Kate Hall, is like many of us in the diabetes community – unstoppable and she decided early on that Type 1 diabetes won’t keep her from pursuing her dreams. She is an inspiration to us all and does a phenomenal job sharing her story on the road to becoming a 2020 Olympian.
A Sermon For The Diabetes Soul | Rev Run &amp;amp;amp;amp;amp;amp;amp;amp;amp;amp;amp;amp;amp;amp;amp;amp;amp; Justine Simmons |Real Life Diabetes 24[ 33:58 ]Play Now | Play in Popup | Download (1387)
After a few months of friendly stalking, we scored the opportunity to chat with hip hop legend and diabetes advocate, Rev Run and his wife Justine Simmons. With 1 in 3 adult Americans being at risk of Type 2 diabetes, they’re spreading the word about T2D prevention with the help of Ask.Screen.Know™. In this episode, we’re swapping recipes, avoiding the food police (while simultaneously encouraging them) and sharing how to lead by example in hopes of changing their family’s history. The message is clear – Do it for the ones you love. Continue reading →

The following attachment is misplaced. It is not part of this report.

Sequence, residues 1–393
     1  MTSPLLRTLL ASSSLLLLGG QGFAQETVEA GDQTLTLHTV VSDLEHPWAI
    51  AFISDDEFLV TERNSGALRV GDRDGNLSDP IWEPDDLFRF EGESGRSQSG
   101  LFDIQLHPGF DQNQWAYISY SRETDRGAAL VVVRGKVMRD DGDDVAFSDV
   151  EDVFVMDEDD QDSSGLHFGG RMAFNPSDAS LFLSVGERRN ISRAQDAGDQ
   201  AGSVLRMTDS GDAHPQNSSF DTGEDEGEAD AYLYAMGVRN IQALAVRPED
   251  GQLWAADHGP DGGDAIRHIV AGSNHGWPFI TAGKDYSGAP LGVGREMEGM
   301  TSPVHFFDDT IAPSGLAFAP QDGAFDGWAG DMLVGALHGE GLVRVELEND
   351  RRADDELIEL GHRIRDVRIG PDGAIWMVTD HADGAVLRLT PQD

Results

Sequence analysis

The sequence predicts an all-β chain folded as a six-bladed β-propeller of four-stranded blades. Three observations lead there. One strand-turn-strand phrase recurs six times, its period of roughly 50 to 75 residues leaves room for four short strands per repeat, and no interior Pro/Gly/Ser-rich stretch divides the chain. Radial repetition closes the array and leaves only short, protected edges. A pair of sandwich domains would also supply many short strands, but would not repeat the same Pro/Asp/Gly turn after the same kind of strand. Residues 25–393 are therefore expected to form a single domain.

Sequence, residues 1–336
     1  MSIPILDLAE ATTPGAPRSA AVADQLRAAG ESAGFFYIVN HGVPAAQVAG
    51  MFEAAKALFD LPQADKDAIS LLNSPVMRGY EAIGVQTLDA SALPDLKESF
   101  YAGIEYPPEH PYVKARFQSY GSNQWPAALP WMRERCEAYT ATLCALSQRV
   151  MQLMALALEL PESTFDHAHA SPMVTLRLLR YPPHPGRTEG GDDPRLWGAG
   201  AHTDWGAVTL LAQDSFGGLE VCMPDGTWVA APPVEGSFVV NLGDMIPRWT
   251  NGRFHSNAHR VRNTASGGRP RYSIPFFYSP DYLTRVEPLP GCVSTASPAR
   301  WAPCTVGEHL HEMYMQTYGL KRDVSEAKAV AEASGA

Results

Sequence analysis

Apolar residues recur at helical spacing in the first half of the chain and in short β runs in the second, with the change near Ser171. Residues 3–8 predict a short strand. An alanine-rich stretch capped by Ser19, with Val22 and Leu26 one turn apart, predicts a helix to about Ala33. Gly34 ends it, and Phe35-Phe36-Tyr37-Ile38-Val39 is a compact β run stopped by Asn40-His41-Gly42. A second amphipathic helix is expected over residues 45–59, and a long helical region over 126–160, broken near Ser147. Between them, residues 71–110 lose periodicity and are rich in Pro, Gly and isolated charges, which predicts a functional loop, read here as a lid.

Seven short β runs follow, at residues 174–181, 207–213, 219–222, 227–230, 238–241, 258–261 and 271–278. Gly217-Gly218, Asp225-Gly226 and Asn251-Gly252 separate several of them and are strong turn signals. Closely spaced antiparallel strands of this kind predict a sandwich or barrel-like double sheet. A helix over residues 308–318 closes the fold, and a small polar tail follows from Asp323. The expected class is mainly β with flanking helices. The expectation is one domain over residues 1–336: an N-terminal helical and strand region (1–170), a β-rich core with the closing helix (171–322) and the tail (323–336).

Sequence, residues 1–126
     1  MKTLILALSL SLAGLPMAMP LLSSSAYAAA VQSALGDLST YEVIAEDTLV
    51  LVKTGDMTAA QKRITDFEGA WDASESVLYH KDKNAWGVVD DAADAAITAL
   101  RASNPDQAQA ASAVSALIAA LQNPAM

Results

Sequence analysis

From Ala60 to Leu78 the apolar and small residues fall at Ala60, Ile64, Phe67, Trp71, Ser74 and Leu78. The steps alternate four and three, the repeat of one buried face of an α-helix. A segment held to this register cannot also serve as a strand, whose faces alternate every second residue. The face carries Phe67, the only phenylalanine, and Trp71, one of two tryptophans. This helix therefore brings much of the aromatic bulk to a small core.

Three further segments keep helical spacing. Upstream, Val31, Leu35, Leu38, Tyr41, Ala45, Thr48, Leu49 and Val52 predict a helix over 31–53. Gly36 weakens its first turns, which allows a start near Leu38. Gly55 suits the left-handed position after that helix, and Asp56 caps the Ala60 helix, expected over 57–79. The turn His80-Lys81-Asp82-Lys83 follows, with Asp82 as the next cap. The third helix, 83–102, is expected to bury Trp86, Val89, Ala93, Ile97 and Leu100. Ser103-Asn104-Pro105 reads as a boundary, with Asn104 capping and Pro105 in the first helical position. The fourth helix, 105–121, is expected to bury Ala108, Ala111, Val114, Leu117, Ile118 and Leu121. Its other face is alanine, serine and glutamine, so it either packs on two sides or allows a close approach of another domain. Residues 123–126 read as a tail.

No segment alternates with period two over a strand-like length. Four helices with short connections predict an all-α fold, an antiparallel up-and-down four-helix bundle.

Oftentimes, exercise can be treacherous–inciting low blood sugars immediately after, then the resulting high blood sugars, and leaving us wondering why we signed up to exercise in the first place. It’s time to provide clarity to something we all need and crave in our lives: movement. Matching personal experience with research, I’ll provide a few generalizations that will help you traverse the exercise path with optimum, never perfect, glucose management.
As a native Oklahoman, I can say that hiking is not part of our DNA. I am a flatlander by birth.
That being said, hiking contributes significantly to why I love waking up each day. The challenge, smells, camaraderie, and drinking beers afterward on the tailgate, make up the appreciation I have for glorified walking.
Most summers I travel out to the Rocky Mountain National Park , outside of Estes Park, CO. Yesterday, I took off on a hike with my grandpa (yeah, he’s 70) to Bluebird Lake (13 miles roundtrip). We covered about 2500 feet of elevation gain pretty gradually with a steep climb to the lake nestled next to Ouzel Peak. We hiked and explored for roughly 8 hours. This can be a real challenge for a diabetic. Continue reading →